His Is a Voice of Experience and Empathy


Four years ago, Jake Kurzawski couldn't even feed himself. Today, he will help serve Thanksgiving dinner to thousands of homeless and hungry people.

When he was adrift and penniless, Kurzawski received free meals at the Orange County Rescue Mission, where he now is the head chef, serving up both food and inspiration.

It has been a long journey for the 37-year-old man, who battled and beat a severe drug problem with help from the mission's Men's Recovery Program.

"I started doing drugs--pot, pills and heroin--just after the sixth grade," said Kurzawski, who grew up in San Diego. "I was just a mess from 12 years old. I did go to culinary arts school. But then I would get a job, do OK, save up some money, quit, do drugs and start over again. I would self-destruct over and over again."

As a traveling carnival worker five years ago in Heron, he got fed up with his lifestyle.

"I got tired of getting up in the morning doing drugs, doing drugs to get ready for work and doing drugs to go to sleep," he said. "It was a cycle that finally got real old, so I hitchhiked and ended up in Costa Mesa."

After spending all his money on motels and drugs, Kurzawski found himself hungry and without shelter during the summer of 1991. He was on the streets of Santa Ana when he was directed to the mission for a hot meal and a shower.

"I would come in for food and a shower for about a year until something kind of struck home," Kurzawski explained. "A chaplain told me, 'You don't know what's going to happen tomorrow. Do something about it now.' "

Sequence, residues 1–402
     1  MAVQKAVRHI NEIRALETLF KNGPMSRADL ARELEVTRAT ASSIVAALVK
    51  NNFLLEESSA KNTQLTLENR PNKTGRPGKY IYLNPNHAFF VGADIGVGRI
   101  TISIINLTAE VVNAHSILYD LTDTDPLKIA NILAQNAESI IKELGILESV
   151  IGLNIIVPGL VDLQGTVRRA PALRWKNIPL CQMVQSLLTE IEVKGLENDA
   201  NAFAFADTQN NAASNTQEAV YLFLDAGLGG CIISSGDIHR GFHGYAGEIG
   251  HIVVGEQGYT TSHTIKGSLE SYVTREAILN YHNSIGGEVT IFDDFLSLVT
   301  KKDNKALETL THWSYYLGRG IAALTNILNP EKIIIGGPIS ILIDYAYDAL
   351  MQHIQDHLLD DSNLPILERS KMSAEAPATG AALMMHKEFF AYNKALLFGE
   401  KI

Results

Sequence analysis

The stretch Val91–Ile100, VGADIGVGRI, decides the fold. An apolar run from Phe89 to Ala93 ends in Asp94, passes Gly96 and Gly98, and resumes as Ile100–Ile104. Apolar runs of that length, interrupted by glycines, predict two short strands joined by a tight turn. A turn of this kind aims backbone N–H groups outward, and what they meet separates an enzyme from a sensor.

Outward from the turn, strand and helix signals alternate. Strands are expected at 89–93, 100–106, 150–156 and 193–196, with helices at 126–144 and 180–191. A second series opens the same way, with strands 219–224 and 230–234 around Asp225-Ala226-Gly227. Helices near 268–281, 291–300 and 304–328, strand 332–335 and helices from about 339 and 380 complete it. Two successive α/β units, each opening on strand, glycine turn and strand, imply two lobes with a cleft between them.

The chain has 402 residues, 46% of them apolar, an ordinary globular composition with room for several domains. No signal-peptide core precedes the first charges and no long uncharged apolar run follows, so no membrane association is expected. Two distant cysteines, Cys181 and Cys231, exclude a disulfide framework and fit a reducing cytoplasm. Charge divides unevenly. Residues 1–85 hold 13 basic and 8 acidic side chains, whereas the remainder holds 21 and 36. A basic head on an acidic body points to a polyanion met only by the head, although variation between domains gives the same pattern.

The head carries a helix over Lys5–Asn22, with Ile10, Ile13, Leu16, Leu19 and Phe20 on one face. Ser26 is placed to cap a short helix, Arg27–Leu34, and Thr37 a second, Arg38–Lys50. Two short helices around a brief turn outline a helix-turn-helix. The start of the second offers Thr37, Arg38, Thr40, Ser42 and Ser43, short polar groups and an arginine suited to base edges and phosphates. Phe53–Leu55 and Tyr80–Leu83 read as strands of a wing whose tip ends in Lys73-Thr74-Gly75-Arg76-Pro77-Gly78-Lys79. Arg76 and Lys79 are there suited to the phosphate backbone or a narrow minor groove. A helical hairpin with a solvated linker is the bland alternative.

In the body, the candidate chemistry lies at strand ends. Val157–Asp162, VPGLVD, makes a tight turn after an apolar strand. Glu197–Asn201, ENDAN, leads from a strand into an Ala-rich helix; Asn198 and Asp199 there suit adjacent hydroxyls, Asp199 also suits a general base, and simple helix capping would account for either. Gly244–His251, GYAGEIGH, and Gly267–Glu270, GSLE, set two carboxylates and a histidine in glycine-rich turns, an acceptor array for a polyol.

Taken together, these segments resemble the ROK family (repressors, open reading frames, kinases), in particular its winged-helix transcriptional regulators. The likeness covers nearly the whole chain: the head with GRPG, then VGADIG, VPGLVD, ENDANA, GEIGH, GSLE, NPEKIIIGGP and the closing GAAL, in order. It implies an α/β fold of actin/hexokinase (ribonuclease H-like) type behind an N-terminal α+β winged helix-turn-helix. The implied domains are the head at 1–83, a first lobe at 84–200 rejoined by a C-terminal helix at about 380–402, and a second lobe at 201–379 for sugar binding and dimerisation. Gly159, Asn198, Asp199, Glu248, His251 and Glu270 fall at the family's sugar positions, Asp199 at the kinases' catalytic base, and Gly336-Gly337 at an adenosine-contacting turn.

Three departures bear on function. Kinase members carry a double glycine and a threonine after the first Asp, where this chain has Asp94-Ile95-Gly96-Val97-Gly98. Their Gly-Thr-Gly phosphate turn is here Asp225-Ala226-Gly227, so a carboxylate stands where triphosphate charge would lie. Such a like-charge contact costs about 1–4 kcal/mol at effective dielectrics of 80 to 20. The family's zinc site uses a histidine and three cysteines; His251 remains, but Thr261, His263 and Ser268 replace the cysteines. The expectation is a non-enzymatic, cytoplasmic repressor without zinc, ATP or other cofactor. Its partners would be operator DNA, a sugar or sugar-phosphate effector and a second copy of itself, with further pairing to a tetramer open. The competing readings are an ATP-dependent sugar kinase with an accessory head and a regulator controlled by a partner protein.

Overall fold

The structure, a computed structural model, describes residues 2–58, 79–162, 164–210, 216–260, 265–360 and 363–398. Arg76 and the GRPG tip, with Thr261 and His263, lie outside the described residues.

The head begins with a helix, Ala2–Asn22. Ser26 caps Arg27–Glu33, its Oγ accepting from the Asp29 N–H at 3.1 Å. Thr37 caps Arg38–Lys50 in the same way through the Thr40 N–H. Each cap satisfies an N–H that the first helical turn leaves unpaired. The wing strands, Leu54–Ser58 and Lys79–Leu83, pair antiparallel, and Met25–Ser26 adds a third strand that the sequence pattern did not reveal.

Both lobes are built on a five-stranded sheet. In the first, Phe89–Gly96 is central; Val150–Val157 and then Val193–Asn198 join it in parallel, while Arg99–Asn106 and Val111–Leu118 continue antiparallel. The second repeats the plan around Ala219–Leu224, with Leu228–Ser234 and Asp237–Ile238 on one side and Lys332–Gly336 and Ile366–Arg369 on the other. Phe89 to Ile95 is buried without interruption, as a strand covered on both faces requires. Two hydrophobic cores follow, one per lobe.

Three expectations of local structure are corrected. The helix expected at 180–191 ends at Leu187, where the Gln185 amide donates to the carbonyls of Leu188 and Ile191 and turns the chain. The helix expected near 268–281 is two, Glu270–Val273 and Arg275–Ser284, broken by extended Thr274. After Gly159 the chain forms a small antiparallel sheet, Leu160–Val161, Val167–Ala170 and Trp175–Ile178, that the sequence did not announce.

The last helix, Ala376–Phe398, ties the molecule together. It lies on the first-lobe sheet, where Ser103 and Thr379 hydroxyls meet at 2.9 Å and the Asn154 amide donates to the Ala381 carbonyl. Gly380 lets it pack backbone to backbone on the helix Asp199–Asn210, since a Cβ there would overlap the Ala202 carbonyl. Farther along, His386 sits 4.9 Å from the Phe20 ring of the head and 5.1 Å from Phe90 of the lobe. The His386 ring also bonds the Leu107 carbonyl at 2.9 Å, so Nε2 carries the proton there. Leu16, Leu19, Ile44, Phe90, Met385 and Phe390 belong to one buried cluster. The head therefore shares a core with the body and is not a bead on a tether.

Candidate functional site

In August 1992, Kurzawski entered the mission's rehabilitation program that he credits for turning his life around. "They helped me break the cycle of addiction I was on," he said.

Kurzawski graduated from the program a year later and today lives a drug-free life in Orange with his wife, Denny.

He accepted the top cook's job at the mission two years ago over higher-paying work.

"I'm so thankful for having my life back that I feel it's my responsibility to be here to help these people who are where I used to be, even if just with a smile and a hot meal," he said Wednesday, as he prepared to serve lunch to the recovery program's participants and the needy public. "This is where I'm supposed to be."

The mission today plans to serve 38,000 Thanksgiving dinners, cooked by Kurzawski and hundreds of volunteers, whom he coordinates. When the feast begins, Kurzawski will say a prayer as he does every time he serves a meal. He also visits with the guests, offering a word of encouragement or sharing his story.

For Kurzawski, who cooks 300 to 400 meals a day, his job "is an opportunity to try to feed all the parts of the body--physical and spiritual."

He said, "I like people and I get a chance to love them here."

Kurzawski has touched the lives of many program participants and transients, including Michael Icenhower, 28.

"He's one of my favorite people," Icenhower said. "He is a blessed man. He knows what you're going through and doesn't just say it for empathy's sake. He's been there."

Another program participant, Clarence Fields, 39, also praises Kurzawski. "He's got a big heart and he loves to cook for us," Fields said.

Jim Palmer, the mission's executive director, said the chef truly can relate to the people he feeds and offer inspiration.

"Most of the people walking in our door are coming in with no hope at all," he said. "Jake came off the street himself and can offer the first little spark of hope and make them realize that they can turn their lives around too."

That's what Thanksgiving Day is all about, he said. "We should celebrate what God has given each of us and then go out and share it."

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